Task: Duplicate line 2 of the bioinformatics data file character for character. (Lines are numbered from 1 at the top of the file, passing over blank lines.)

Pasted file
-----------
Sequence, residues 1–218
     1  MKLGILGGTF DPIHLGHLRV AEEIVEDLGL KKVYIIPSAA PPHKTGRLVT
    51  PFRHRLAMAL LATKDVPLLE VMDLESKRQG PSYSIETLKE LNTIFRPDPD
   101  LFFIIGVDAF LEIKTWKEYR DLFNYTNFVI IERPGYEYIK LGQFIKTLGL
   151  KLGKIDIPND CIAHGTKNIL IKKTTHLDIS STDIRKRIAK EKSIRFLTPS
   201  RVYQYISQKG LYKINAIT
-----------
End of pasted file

     1  MKLGILGGTF DPIHLGHLRV AEEIVEDLGL KKVYIIPSAA PPHKTGRLVT